Notice: All forms on this website are temporarily down for maintenance. You will not be able to complete a form to request information or a resource. We apologize for any inconvenience and will reactivate the forms as soon as possible.

I got my girlfriend pregnant. What now?

Theo responds to a letter from a guy who got his girlfriend pregnant. It's advice you're not likely to hear just anywhere.


I was wondering if you could offer some advice on a situation I am in at the moment. I am a Christian, I have a non-Christian girlfriend and just recently I found out she is pregnant. I hadn’t been sleeping with her beforehand; she fell pregnant pretty much the first time we were together (I’ve been lectured about the use of protection, but we didn’t plan for it and were unprepared).

This raises so many issues for us like whether we should get married, where we should live, where we should live over the summer break (she needs me to be there for her while she’s pregnant and it’s my baby too), and how we are going to support ourselves once the baby is born. I’ve looked into a few things such as government benefits, what we should do about study loads, and I think we have a rough idea of how things will work out. Our families are very supportive although fairly concerned for us at the same time.

My main question at the moment is about marriage. I believe we should get married, not only because of the baby but because I love her a lot and I know she loves me too. The issue of her not being a Christian is fairly important to me, and I don’t know how I’m going to tell my friends that I’m married and only 19 (although I turn 20 next month) because I slept with my girlfriend.

It seems as though there is no single correct answer, but I’d appreciate it if you could help me find the “most correct” answer. I hope you can help me out with some advice, or at least point me in the right direction to find the answers. I appreciate your help.

P.S. I’m sort of amazed at myself in some ways. I’ve read countless articles and books on sex before marriage (including the ones on the Boundless website) and firmly believe in the benefits of not doing it, but I chose to do it anyway. I guess even if we are fully aware of the consequences, some people still tend to make silly choices. I’m thankful for God’s grace at the moment and try to make myself as humble as I can, although at the moment I feel kind of proud of myself. It’s something like the feeling you get when you’ve been doing things without God’s help for too long, and I don’t particularly enjoy the feeling.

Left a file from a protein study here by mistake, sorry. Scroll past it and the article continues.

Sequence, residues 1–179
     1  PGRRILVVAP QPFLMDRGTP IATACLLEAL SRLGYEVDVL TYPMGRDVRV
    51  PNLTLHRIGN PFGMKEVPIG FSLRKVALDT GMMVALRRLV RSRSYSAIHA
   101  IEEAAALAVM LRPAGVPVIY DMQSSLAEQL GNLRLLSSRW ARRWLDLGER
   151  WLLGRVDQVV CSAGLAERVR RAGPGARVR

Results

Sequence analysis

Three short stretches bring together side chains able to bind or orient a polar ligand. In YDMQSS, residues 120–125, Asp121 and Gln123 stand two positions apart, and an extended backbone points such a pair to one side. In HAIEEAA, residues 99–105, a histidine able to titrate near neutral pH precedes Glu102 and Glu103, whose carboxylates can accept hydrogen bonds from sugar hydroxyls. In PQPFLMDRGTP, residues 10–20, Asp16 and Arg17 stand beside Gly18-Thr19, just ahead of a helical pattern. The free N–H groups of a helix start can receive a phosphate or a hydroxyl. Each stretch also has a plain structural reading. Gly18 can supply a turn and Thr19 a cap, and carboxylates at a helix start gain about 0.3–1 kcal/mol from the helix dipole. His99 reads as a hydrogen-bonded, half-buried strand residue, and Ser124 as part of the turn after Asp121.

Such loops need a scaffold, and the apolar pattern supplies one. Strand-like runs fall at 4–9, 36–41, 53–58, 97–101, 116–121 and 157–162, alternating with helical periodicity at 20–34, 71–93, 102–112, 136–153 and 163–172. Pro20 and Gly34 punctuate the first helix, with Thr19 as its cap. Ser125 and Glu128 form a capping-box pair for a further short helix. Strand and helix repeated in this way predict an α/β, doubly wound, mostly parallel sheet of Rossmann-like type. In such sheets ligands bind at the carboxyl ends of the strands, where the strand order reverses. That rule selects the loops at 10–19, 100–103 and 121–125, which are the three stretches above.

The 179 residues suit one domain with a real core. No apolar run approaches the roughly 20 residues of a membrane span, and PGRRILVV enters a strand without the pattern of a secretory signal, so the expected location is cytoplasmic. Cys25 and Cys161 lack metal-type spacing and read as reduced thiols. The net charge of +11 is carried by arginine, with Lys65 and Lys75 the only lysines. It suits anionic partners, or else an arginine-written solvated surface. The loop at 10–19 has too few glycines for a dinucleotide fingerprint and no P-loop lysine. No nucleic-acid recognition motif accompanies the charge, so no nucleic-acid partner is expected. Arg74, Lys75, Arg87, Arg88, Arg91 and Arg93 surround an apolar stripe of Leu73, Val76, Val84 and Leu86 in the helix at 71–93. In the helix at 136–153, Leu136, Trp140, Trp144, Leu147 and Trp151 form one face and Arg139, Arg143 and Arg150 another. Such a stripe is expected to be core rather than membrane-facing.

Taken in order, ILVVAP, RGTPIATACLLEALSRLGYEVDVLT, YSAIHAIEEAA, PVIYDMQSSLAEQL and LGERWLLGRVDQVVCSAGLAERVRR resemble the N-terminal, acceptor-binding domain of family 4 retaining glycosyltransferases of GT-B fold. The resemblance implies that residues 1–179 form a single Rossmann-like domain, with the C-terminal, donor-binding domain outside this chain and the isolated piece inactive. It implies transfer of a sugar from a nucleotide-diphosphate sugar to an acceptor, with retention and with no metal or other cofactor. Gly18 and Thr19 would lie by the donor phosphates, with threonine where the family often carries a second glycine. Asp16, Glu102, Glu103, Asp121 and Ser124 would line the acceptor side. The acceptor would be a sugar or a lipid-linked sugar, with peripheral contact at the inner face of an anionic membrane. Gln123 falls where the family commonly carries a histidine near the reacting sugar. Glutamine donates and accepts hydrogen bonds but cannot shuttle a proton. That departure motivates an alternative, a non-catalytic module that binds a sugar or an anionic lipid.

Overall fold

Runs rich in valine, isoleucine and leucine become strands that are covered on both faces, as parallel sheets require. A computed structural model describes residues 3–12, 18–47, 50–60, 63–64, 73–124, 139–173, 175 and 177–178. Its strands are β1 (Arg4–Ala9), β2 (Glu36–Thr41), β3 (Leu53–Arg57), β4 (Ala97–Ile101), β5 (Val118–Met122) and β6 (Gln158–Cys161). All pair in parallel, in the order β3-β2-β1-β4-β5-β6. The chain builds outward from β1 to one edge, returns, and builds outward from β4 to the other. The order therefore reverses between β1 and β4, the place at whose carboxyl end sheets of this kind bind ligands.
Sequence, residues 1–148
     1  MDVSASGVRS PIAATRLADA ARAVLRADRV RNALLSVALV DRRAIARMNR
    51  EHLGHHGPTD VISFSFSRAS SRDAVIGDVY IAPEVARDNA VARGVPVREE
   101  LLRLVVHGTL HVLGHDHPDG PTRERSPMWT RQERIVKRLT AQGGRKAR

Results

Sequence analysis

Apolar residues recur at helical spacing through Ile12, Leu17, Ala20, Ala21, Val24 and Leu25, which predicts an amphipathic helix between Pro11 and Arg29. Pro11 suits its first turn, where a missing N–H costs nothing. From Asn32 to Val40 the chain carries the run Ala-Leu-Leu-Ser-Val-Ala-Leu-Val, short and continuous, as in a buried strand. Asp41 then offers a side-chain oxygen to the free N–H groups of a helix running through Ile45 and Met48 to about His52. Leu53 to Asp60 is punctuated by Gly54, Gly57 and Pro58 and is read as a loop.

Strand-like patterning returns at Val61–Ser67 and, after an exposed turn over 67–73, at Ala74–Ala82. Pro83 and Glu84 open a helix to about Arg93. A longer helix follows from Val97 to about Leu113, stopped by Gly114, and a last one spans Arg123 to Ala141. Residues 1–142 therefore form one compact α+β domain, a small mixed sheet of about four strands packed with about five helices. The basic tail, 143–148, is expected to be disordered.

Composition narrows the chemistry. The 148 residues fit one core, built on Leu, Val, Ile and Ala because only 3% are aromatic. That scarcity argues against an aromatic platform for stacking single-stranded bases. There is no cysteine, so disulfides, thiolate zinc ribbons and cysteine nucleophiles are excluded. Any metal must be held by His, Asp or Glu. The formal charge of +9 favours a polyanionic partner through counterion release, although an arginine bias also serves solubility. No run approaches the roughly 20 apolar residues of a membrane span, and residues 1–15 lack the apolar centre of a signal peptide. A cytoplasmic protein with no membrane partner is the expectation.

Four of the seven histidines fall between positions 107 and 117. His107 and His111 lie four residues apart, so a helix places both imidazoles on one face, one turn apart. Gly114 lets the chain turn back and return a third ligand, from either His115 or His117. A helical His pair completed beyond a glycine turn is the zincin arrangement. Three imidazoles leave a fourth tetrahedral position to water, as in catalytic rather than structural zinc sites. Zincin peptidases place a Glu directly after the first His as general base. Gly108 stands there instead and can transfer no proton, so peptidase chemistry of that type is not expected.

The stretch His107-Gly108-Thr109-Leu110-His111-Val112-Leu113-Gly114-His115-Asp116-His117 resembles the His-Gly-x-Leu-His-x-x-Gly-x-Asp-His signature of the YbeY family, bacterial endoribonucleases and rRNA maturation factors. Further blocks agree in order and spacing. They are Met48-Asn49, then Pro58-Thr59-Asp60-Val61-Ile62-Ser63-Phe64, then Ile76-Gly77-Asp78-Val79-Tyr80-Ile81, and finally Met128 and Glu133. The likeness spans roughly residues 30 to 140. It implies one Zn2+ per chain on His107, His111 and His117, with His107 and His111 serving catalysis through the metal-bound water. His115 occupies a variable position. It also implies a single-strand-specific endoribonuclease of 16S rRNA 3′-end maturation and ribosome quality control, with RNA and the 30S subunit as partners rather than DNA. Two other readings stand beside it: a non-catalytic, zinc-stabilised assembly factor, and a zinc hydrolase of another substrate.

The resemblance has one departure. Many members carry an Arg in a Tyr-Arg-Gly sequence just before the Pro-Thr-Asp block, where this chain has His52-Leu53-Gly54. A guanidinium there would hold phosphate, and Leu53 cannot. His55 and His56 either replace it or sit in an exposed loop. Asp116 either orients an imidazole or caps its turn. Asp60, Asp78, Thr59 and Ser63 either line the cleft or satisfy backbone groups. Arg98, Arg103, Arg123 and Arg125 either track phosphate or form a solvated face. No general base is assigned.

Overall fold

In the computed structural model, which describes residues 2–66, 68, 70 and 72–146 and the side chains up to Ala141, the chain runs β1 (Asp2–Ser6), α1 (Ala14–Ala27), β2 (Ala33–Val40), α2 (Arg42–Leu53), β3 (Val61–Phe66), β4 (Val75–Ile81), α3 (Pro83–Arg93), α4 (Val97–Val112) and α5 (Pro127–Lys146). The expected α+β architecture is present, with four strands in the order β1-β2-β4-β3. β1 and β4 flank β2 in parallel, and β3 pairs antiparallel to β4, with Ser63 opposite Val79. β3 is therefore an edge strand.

I really will answer your questions — but before you read further, let me ask you to do four things, because if you don’t, the answers to your questions may not make much difference. Here’s why the four things are necessary. You say you know you’ve “made a silly choice,” but you don’t acknowledge that you’ve sinned. “Doing things without God’s help” comes closer to an accurate description, but it’s not there yet. Sin is grave business. More than being imprudent, it’s defying God.

FIRST, then, you need to call what you did by its right name — it wasn’t an error but a sin, and it wasn’t “being together” but having sex. While you’re at it, notice that you committed two other sins as well. You shouldn’t have set the young woman such a rotten example of what it means to follow Christ, and you should have been seeking a spouse who also knew Christ rather than getting mixed up with someone who didn’t. What did you think dating was for?

SECOND, you need to repent of those three sins, before God, in the name of Jesus Christ. Repentance means more than being sorry — it means turning 180 degrees around and going the other way. Among other things, going the other way means that you renounce having further sex with the young woman outside of marriage; the fact that she’s already pregnant doesn’t give you a green light to continue. But listen to this: Going the other way does not mean that you should abandon her just because you shouldn’t have dated or had sex with her in the first place. You have new obligations now. More about that below.